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  Topic Review (Newest First)
03-05-2019 05:50 PM
Jeremy in Oz
Jeremy

I need to fabricate a base plate for my DW621-ex to take a Whiteside 30mm inlay kit bush deigned for a Porter Cable machine. I am amazed that DeWalt does not have full engineering drawings for fabricating a one-off appropriate base plate. Frustrating.
02-21-2018 06:20 PM
Job and Knock For the benefit of anyone who did arrive here looking for that link it is:

http://www.trend-uk.com/en/US/trend/...loads&id=32375

then follow the link "TBC Trend Base Configuration Diagram
Ref: DIAG/TBC v1.0" in the right hand navigation bar and that will automatically download a PDF file onto your system which you can then save.
02-16-2017 05:28 PM
DaveH1 Thanks Herb

I was just trying to be helpful, I came across this post when I was trying to find the same info , so felt obliged to share the info when I actually found it . It actually took a phonecall to Trend to find the info , in the first place, only then did I manage to find the link which I was trying to share .

Best Regards

Dave
02-16-2017 04:32 PM
Herb Stoops Dave Welcome to the forum, this thread nearly a year old ,I hope that mrmicron solved his problem. But it is good information you posted ,and someone else might be able to use it.
after you have 10 posts you can post links and pictures, a few welcome and comments will get you to 10 post fairly fast.
Herb
02-16-2017 02:39 PM
DaveH1 Hi MrMicron

I came across your thread when I was looking for the hole locations for a Dewalt 625 / Trend T11

The following link is to a PDF of the dimensions of the base for the T11

[ unfortunately the forum won't let me post the link as a new user ]

But search for "TREND BASE CONFIGURATION" and it should take you to the PDF


central mounting hole is 75mm above center
other two holes are 15mm below centerline and 57.5mm left and right of center



Hope this is of use

Regards

Dave
06-14-2016 12:45 PM
Cherryville Chuck I have a jointer and a planer so I don't need to do those operations but some do and they shim the fence. Some just stick a strip of masking tape to a stationary fence also. I've read that plastic playing cards make excellent shims as the thickness from card to card is near perfect. They are long enough and wide enough so that you wouldn't need the screws and I would think that shims would be more accurate than turning screws. Lots of other things would tend to be very uniform as well such as sheet plastics, mdf, and high density pressed boards.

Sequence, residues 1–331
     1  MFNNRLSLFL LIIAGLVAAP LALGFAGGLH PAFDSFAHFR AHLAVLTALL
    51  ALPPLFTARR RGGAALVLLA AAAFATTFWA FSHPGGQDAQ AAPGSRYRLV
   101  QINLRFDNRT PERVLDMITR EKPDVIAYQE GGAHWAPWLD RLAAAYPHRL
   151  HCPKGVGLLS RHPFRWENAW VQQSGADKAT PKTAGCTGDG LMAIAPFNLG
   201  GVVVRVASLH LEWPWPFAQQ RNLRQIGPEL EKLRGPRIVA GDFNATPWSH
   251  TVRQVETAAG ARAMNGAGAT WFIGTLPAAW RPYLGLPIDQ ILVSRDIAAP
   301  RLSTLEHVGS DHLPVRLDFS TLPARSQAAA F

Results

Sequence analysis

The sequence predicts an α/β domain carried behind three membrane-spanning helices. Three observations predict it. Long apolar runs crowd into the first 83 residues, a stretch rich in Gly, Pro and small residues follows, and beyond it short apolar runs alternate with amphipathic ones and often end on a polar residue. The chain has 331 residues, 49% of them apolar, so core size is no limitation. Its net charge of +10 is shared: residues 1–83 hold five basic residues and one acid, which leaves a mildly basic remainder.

06-14-2016 04:10 AM
mrmicron
DW625eK base plate

Thank you for the link Charles. When you use your fence for planning/sizing ops do you shim up on one side to allow for the depth of the removed material? The movable fence I am contemplating has three M6x1 mounting points. The M6 bolts are free rotating in the moving fence and tapped through my existing alloy fence. The idea is to be able to set the depth of the fence by turning the three knobs on the back of the fixed fence with one full turn being equal to 1mm. the reason for three knobs being to be able to adjust perpendicularity to the table and parallelity to the adjacent movable fence.
06-12-2016 11:53 AM
Cherryville Chuck John this a link to a thread where I showed pictures of my latest home made fence. Cost $5-10 and took about 3-4 hrs to make. Complete with sliding fences and dust control that is 95% effective on edge cuts. http://www.routerforums.com/table-mo...ble-fence.html Pictures are in post #3.
06-12-2016 01:59 AM
mrmicron
DW625eK base plate

Charles, The reason I do it is simply because my router table fence is a simple alloy angle section. I do not have the luxury of a split fence that I can offset by an amount equal to the depth of cut when using the router for sizing purposes. It's one of those jobs that I have never managed to find time to do yet and the next time you need the router you just make do with what you have. But I am trying to negate these problems with my new table-if I can find the time to make that too. That's what I need - a machine for making round tuits!
06-08-2016 02:06 AM
Cherryville Chuck John you are taking some steps to mitigate the risks of trapping the wood between the bit and fence but I have to ask why do need to do that? I don't find it necessary and I've been using a router for over 3 decades. As for the +/- 10 microns, that's the overkill we are talking about. The wood can move more than that in a day and that kind of accuracy in wood is not necessary.
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